Hypothesis 7: Subjects with greater fluid shifts (as measured by the ultrasound method in Aim 1) during pre-flight testing will experience greater fluid shifts in-flight and will be more susceptible to flight-induced vision alterations.

Hypothesis 8: Subjects who are resistant to the reversal of in-flight symptoms and physiological status through the application of LBNP will be more susceptible to persistent flight-induced vision alterations.

Hypothesis 9: Propensity towards more severe changes in-flight and the more indolent postflight resolution pattern will correlate with a range of individual characteristics of the crewmembers, such as anatomical and microanatomical and physiological features and potentially, hitherto unsuspected factors.

NOTE: This study was merged with investigations from Dr. Alan Hargens (Fluid distribution before, during and after prolonged space flight) and Dr. Michael Stenger (Distribution of Body Fluids during Long Duration Space Flight and Subsequent Effects on Intraocular Pressure and Vision Disturbance ) resulting in a comprehensive study titled “Fluid Shifts Before, During and After Prolonged Space Flight and Their Association with Intracranial Pressure and Visual Impairment” (short title: Fluid Shifts).

Research Impact/Earth Benefits: Current means of measuring increased intracranial pressure require an invasive monitoring system with skilled medical personnel. The techniques outlined in this proposal, if verified, would provide a rapid, accurate, non-invasive, and scalable solution to measure increases in intracranial pressure for a number of critical medical conditions. These studies will also provide physiological insight to the mechanisms of fluid shifts and their relationship to intracranial pressure. This information could be relevant to terrestrial disorders of intracranial pressure such as idiopathic intracranial hypertension (IIH).

Task Progress & Bibliography Information FY2016 
Task Progress: We have made significant progress over the past year in all dimensions of the Fluid Shifts (FS) experiment. To date the team has performed preflight baseline data collection on five crewmembers, completed three inflight sessions and one postflight session for the two One Year Mission crewmembers, and concomitantly supported training activities for upcoming FS subjects. We have continued to optimize our pre-, in-, and postflight tests to maximize their scientific value and to minimize impacts and risks to ISS crewmembers. Initial analysis (imagery, otoacoustic emission phase shift, etc.) of the majority of data is performed as it becomes available.

Erik Hougland, our International Space Station Medical Projects (ISSMP) flight project manager, continues to coordinate our bi-weekly FS team telecons. Over the past year we have provided inputs to updated versions of the FS Experimental Document (ED), recently revised and under review as of March 2016. The ISSMP team has done an excellent job coordinating crew ICBs, training, and testing as well as coordinating Russian activities. The FS team has collectively responded to changes in circumstances (inflight schedules, Russian travel limitations, etc.) that have required a review of existing experiment requirements. The team has reasoned through multiple such scenarios to solve the dilemma and preserve scientific value.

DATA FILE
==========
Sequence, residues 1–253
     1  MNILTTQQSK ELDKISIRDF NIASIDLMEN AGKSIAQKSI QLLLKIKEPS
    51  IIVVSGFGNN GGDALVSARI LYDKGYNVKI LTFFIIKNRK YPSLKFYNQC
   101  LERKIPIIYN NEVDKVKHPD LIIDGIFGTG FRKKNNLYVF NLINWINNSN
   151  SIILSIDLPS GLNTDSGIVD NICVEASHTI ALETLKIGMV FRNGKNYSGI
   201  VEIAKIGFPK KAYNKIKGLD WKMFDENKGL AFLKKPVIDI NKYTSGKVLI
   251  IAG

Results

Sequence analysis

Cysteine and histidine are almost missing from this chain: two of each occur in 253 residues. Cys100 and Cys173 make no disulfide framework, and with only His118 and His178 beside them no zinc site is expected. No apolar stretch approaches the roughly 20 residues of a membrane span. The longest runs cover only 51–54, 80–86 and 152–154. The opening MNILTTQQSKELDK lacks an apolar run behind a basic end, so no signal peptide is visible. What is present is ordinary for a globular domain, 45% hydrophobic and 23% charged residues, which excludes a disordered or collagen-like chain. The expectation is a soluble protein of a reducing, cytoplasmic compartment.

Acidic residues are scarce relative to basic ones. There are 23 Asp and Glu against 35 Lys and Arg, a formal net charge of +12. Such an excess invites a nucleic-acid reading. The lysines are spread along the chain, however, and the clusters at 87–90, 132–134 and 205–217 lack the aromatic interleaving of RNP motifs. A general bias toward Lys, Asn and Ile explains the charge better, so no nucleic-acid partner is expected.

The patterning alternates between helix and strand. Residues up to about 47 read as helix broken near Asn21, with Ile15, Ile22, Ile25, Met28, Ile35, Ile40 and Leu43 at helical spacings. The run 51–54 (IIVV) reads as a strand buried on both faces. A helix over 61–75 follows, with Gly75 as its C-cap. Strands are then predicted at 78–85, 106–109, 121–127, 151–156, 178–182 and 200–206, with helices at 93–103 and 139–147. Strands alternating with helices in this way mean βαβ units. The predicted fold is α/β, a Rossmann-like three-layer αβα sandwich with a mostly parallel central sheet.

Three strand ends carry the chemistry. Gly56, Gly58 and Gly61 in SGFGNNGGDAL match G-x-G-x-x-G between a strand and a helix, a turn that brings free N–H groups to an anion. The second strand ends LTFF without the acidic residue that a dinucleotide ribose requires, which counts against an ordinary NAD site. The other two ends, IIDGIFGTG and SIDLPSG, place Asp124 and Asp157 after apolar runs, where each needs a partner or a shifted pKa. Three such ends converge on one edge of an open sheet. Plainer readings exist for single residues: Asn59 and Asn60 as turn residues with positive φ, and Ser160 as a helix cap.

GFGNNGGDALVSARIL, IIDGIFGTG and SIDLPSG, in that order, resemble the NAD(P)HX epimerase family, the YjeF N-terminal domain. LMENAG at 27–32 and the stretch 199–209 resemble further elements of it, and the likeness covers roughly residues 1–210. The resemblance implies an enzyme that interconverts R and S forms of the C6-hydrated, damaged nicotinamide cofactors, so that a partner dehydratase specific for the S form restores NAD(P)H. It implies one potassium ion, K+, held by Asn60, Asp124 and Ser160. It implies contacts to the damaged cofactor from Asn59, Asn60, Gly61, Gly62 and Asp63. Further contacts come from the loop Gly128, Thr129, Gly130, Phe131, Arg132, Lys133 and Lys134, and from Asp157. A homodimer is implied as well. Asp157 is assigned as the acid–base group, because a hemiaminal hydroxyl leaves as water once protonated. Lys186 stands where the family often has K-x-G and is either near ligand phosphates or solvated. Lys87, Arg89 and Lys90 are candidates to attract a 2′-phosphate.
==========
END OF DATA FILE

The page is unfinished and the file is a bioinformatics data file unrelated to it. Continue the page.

We have continued to work with the University of Texans Medical Branch (UTMB) Victory Lakes 3T MRI (magnetic resonance imaging) facility to employ scanning protocols that maximize science return while capitalizing on the existing MRID (MED B) sequences. Over the past year Dr. Larry Kramer has been added to the team to assist with data analysis. MRI analysis methods continue to be refined to optimize both collected data as well as analysis resources. Medical Operations has made the decision to use contrast agent during MED B MRI scans as the preferred protocol. Our team has worked closely with the NASA medical community to accommodate this change in protocol to preserve comparability with our existing FS MRI protocol while capitalizing on the use of contrast agent in these scans.

Since Russian and European Space Agency (ESA) crews are also “direct return” to their home countries, they are not available in Houston for immediate postflight testing, requiring reproduction and testing of the imaging procedure and protocol elements at the additional scanning locations in Moscow (Research Center of Neurology) and Cologne (DLR/envihab:). Our team has been especially involved with the process of providing 15-degree foam wedges to both the Russian scanning facility and the ESA scanning facility. Terry Guess (Wyle STE) was once again instrumental in this process, specifically in the rapid construction of a second wedge to ensure that a wedge was available for postflight testing on the Russian One Year Mission crewmember. Thanks to extensive coordination and technical exchanges, the Fluid Shifts 3Tesla MRI protocol was successfully completed on the Russian one-year crewmember on March 10, 2016 in Moscow. Based on prior parabolic flight work, the team developed procedures for “free-floating” use of the OCT device for in-flight measurements. An inflight free-float practice run was successfully completed in April 2015, demonstrating that this approach is feasible and would result in valuable data collected on crewmembers while in Chibis. The team has proceeded to collect six sets of data during the One Year Mission using this technique, which has resulted in similar exam times and data quality when compared to the traditional chinrest method.